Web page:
Chapter 16
A Community of Tennessee Writers, Readers & Passersby

The Risky Business of Fairy Tales

In Elizabeth Gentry’s Housebound, dark riddles and magical discoveries fuel a gothic novel

Young girl breaks the powerful spell of family to enter a creepy wood full of mysterious strangers: this plot forms one of the quintessential structures of the classic fairy tale, an influence that’s still alive and kicking in Housebound, the debut novel by Knoxville author Elizabeth Gentry. With Housebound, which has just been released, Gentry won the 2012 Madeleine P. Plonsker Emerging Writer’s Residency Prize at Lake Forest College, a prize which is designed to showcase challenging, experimental work. Immersed in the strange, dark world of fairy tales and gothic novels, Housebound fits that experimental bill.

The novel centers around Maggie, the eldest of nine children in a family held together by a mysterious collection of unspoken yet airtight rules. Maggie’s assigned role has always been to care for the babies, but by the time her youngest sibling has turned four, Maggie’s place in the family hierarchy—which had felt permanent—now seems to have evaporated. When she breaks the house rules by announcing her intention to leave home and move to town for work, she embarks on an adventure that will change her life, not to mention upend the household of younger siblings left in her wake. On the eve of her departure, Maggie feels these changes taking place: “[Something] had already happened down beneath the depths that had only just this morning rippled to the surface, the tip of a fin that was her declaration to leave, and the whole huge leviathan would soon cause the entire ocean to heave.”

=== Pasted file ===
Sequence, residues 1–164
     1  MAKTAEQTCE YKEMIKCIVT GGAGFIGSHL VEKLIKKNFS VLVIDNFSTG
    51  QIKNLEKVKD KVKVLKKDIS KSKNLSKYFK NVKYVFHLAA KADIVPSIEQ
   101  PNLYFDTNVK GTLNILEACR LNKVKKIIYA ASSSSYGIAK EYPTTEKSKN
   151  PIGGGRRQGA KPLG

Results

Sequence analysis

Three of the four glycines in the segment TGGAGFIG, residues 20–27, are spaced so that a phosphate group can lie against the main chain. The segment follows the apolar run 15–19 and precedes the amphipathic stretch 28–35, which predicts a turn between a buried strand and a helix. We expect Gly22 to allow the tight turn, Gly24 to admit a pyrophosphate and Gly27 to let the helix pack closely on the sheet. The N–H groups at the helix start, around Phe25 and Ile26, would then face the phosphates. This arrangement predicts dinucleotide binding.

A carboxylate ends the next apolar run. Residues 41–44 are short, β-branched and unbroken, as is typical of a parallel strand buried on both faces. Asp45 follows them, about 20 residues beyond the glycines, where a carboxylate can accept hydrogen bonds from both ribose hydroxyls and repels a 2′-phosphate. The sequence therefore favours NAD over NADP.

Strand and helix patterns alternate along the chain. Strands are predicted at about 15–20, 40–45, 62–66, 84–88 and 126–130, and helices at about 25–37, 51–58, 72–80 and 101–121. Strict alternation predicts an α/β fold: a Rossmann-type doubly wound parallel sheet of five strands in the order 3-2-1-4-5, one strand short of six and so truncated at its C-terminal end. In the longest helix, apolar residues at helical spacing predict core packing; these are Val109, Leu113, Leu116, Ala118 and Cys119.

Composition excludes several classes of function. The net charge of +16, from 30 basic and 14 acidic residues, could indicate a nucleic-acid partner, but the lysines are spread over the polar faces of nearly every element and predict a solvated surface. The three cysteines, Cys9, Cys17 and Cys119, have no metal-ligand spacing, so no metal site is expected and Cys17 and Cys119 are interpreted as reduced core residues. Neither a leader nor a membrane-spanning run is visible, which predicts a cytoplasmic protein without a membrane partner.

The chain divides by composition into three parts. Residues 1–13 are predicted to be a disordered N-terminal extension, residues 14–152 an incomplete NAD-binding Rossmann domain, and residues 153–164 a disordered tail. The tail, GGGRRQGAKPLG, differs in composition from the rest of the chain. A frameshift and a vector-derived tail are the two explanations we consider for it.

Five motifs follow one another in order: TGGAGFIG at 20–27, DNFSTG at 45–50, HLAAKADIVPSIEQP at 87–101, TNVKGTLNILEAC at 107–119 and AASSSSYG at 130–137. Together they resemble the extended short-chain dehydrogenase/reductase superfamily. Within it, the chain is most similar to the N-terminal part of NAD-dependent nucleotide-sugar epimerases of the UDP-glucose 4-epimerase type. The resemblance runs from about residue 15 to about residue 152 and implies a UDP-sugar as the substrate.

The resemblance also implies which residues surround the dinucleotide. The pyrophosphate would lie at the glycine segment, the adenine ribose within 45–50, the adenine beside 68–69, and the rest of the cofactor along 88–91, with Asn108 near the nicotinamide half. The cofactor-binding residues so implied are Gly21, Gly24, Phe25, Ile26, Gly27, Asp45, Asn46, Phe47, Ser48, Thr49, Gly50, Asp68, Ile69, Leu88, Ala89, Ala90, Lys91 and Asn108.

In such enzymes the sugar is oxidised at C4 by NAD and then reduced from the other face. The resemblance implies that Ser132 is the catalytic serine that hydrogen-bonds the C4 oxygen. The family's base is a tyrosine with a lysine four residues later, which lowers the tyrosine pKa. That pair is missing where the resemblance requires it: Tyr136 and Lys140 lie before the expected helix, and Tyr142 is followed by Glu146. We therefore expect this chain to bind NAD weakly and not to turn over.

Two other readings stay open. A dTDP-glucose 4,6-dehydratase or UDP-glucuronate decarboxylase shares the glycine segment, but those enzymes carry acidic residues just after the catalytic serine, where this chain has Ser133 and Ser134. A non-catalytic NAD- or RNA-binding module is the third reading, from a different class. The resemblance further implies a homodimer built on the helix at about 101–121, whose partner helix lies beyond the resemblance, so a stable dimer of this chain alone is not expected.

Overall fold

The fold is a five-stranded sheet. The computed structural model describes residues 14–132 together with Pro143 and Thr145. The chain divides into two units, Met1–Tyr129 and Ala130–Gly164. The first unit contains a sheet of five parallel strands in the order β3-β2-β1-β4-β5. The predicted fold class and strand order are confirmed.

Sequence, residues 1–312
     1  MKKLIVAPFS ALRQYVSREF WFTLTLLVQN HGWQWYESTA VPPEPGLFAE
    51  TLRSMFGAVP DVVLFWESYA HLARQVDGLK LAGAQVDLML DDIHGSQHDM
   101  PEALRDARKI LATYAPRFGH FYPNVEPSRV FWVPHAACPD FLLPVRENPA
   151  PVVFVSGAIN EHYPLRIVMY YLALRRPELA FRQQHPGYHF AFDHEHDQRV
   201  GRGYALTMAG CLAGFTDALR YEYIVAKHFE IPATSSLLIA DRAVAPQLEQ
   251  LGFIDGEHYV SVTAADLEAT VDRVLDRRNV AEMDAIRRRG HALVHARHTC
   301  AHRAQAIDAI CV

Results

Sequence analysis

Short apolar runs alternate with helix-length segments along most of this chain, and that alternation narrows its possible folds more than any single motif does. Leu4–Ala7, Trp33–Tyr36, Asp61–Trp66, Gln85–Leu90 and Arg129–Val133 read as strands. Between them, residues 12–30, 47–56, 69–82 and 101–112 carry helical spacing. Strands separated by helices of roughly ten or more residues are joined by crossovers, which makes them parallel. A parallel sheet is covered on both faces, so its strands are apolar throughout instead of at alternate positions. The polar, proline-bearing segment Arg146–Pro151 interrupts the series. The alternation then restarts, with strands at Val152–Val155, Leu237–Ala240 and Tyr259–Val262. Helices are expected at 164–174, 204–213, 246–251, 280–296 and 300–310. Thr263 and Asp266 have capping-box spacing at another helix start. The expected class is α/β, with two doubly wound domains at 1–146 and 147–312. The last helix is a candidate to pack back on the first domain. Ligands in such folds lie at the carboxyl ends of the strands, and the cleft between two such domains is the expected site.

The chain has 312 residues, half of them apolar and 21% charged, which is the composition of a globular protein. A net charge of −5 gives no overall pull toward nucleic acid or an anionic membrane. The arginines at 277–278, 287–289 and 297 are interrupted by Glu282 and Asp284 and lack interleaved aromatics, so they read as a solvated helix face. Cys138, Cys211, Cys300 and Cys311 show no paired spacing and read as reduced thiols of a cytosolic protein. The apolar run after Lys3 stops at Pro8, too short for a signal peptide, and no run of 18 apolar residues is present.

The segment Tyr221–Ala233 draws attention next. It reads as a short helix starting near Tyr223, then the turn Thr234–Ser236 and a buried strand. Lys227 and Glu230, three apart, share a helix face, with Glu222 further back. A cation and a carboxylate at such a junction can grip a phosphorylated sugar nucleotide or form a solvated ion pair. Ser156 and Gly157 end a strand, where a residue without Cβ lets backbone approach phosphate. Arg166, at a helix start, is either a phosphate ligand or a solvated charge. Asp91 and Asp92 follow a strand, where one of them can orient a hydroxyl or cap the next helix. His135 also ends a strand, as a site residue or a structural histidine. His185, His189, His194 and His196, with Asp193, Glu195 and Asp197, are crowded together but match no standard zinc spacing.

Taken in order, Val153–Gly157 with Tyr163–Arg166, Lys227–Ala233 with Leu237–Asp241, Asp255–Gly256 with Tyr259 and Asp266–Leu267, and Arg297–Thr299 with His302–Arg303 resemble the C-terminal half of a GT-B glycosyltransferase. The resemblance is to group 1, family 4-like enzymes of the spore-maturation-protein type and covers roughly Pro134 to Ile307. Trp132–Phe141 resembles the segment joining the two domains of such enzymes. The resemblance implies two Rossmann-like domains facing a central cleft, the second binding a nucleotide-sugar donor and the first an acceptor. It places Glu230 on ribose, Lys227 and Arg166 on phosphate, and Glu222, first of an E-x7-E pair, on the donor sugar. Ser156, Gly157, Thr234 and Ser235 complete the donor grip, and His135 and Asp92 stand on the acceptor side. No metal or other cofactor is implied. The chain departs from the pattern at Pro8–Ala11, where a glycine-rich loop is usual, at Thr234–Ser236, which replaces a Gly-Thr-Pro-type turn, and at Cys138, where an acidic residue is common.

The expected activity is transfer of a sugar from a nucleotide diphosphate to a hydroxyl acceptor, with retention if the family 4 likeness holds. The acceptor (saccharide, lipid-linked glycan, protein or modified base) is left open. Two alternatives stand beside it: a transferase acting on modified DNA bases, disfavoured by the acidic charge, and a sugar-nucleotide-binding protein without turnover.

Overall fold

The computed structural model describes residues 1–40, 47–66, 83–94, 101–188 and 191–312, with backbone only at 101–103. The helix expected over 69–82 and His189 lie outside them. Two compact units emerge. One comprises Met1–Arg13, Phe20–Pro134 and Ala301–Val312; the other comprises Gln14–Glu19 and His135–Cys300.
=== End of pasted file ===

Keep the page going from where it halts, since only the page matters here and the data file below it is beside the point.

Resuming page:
Beyond its general setting of southern Appalachia in the recent past, Housebound lives in a world that’s unattached to specific times or places. Maggie’s family appears to exist without context or history—things seem always to have been as they are. The mood of the novel is by turns claustrophobic and remote, bound up in the silent state of the household at the time Maggie decides to leave. The book opens by describing this mysterious silence: “Leaving home felt like tunneling out of a snow that kept everyone housebound so long they had run out of things to talk about. There were no more anecdotes, poetry recitations, ghost stories, contrived games, or late-night disclosures before the wood stove. Rather than building their knowledge of one another in successive cycles of irritation and love, memorizing each layer as they aged and grew, the eleven members of the family had simply succumbed to a silence that turned them into strangers.”

As with the heroines of classic fairy tales, readers can get only so close to Maggie. We learn about her through quick wisps of memory and observation. This effect is both the novel’s strength—its ability to play with the elements of fairy tale and gothic fiction—and also its potential limitation: readers who prefer to sink their teeth deeply into the physical and psychological experience of a novel’s central character may find Maggie too elusive.

Housebound’s great charm lies in its details rather than its characterizations. Gentry spins a playful, sometimes wicked world populated by oddly shaped houses set deep in the woods, long-lost family members with intriguing histories, animals with their own agendas, and the forbidden fruit of sugary confections. Throughout the book, Gentry builds intrigue and tension from these well-placed items of fairy-tale business.

The experimentalism of Housebound brings to mind the elaborate, risk-taking designs that often appear on high-fashion runways. These bold creations may remain primarily on the runway, their skill and vision admired most by those within the trade, but elements of their adventurous spirit eventually resonate all the way down to fashions on the street, making the larger world more vibrant and varied. With its commitment to high-wire form, Housebound possesses that adventurous resonating spirit.